The perceived complexity of learning tasks influences students’ collaborative interactions in immersive virtual reality

Henry Matovu, Mihye Won, Ricardo Bruno Hernandez-Alvarado, Dewi Ayu Kencana Ungu, David F. Treagust, Chin-Chung Tsai, Mauro Mocerino, Roy Tasker

Research output: Contribution to journalArticleResearchpeer-review


This study investigated how different learning tasks influence students’ collaborative interactions in immersive Virtual Reality (iVR). A set of chemistry learning activities was designed with iVR, and 35 pairs of undergraduate students went through the activities. Videos of students’ interactions were analysed to identify patterns in students’ physical, conceptual, and social interactions. When students were manipulating conceptually familiar virtual objects (several water molecules), they perceived the tasks as a simple extension of prior knowledge and did not attempt to explore the 3D visualisation much. They did not move around to take different perspectives, and conceptual discussions were brief. Their prior power relations (leader–follower) carried over in iVR environments. In contrast, when conceptually unfamiliar chemical structures (protein enzyme) were displayed, students perceived the tasks as complex, demanding a new mode of learning. They spontaneously moved around to explore and appreciate the 3D visualisation of iVR. Walking to different positions to observe the virtual objects from multiple angles, students engaged in more collaborative, exploratory conceptual discussions. As the perceived complexity of learning tasks or virtual objects triggers different collaborative interactions amongst students, careful considerations need to be placed on the design of iVR tasks to encourage productive collaborative learning.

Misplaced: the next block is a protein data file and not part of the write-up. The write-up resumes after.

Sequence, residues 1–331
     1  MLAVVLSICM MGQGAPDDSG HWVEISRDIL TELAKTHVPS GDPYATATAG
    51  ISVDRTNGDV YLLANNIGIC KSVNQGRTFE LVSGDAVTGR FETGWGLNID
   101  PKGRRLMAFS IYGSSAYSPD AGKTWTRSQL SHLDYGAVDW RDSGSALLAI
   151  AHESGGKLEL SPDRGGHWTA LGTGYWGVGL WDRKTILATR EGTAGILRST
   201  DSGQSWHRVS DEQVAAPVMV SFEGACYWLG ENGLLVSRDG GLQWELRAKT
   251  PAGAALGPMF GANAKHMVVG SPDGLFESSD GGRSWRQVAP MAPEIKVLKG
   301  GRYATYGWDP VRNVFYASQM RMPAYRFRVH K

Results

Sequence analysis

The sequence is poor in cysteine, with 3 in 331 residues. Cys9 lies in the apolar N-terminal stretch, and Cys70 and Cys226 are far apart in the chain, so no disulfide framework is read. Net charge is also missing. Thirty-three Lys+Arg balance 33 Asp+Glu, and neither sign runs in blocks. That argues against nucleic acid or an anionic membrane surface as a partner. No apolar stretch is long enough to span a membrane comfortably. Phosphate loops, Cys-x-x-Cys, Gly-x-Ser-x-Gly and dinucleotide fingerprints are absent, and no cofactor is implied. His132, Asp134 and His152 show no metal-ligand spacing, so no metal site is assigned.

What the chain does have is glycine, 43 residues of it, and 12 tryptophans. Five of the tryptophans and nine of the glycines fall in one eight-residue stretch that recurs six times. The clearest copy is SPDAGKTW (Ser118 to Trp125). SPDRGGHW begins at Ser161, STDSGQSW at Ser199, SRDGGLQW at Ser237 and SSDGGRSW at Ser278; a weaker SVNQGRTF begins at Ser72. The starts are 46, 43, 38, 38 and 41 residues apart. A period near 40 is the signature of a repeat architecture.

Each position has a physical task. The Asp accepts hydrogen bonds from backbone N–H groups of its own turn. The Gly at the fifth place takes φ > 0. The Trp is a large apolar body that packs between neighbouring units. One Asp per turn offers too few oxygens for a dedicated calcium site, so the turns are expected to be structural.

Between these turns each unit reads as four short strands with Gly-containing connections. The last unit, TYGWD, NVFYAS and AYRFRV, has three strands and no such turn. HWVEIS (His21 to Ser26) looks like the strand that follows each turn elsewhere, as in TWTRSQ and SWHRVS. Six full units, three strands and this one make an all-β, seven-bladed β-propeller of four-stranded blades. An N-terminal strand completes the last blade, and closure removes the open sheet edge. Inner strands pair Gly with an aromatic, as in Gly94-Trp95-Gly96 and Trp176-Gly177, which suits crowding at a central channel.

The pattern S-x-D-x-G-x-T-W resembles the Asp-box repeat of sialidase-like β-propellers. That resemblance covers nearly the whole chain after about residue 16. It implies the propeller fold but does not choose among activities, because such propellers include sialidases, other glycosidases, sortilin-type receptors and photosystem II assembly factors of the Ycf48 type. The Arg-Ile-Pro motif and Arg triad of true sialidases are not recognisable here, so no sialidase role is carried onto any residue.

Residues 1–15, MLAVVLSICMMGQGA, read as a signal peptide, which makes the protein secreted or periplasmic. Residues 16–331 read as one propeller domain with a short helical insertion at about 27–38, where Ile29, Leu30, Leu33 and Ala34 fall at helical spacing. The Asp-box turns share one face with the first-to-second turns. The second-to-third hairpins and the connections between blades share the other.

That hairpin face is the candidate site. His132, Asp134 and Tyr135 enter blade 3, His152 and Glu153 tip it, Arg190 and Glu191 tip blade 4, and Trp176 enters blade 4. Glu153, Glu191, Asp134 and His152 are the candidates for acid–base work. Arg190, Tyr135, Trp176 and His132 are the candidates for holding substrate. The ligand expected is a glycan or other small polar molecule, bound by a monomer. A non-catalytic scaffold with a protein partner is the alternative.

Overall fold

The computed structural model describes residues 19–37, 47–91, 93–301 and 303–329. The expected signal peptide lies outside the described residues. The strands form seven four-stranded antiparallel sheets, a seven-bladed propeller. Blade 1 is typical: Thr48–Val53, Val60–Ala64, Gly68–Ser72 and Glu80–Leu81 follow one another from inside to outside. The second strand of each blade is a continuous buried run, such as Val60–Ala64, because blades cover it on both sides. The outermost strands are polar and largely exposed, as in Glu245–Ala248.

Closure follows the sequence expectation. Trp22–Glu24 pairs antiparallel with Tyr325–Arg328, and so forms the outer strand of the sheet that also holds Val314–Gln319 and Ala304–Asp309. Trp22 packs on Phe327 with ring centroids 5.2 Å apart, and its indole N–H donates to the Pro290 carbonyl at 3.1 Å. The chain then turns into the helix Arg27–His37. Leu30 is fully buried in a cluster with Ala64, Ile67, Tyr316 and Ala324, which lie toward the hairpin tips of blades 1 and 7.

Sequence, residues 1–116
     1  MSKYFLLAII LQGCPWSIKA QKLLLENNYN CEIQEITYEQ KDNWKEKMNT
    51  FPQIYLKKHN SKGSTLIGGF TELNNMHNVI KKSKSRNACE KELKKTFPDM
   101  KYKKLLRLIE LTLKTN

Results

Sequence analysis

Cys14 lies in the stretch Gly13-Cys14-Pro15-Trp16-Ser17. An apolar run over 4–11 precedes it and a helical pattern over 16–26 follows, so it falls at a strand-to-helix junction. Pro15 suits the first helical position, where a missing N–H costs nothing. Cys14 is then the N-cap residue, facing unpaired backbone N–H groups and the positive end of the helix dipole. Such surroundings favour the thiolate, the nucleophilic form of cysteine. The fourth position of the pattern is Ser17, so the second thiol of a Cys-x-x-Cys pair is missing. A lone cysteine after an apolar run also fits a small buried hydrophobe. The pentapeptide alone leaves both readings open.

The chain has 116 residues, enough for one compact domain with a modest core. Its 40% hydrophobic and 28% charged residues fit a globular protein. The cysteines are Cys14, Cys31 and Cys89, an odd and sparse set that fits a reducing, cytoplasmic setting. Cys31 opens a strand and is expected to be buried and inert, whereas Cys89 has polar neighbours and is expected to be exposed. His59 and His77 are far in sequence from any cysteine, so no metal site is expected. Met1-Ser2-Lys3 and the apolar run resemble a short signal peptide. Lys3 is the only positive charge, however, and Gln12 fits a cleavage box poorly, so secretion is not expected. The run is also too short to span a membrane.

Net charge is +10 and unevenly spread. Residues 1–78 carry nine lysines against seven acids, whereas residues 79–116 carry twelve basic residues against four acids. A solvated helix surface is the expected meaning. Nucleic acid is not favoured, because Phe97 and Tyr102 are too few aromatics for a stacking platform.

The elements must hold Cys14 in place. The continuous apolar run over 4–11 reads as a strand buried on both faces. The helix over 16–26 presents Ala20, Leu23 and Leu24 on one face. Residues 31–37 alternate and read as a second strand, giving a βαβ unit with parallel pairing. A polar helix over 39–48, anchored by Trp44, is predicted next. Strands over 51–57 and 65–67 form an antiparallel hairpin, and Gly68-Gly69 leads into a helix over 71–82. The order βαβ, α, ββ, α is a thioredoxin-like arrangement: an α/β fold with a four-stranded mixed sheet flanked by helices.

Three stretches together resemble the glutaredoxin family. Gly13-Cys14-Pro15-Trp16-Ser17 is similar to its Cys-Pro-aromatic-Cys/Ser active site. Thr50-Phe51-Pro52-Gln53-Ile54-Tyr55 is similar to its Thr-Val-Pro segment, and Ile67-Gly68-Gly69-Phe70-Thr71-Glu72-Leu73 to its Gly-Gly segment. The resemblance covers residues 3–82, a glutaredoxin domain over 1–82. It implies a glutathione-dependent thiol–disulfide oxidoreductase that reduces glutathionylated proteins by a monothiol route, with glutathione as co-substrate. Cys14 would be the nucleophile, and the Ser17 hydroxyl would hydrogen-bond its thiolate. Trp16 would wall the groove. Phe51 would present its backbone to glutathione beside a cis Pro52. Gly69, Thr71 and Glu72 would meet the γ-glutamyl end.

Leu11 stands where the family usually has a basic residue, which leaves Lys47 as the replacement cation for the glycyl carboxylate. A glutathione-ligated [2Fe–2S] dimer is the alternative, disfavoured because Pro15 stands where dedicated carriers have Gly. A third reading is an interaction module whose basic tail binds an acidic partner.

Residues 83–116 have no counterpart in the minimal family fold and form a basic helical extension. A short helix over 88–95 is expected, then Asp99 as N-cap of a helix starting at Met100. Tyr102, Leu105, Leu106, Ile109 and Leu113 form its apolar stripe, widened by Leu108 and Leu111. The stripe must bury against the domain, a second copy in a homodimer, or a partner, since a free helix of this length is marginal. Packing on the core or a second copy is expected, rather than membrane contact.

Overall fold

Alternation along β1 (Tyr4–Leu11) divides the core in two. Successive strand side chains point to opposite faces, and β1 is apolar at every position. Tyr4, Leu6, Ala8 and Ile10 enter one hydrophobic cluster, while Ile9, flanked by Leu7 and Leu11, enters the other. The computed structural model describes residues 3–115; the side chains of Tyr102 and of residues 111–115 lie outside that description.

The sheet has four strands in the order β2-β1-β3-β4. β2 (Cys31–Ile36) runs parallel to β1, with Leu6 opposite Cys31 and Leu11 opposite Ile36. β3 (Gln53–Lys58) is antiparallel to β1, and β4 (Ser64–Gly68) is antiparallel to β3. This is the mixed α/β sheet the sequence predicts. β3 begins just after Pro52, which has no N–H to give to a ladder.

Original languageEnglish
Number of pages14
JournalJournal of Science Education and Technology
Publication statusAccepted/In press - 2024


  • Chemistry education
  • Collaborative learning
  • Human–computer interaction
  • Immersive virtual reality

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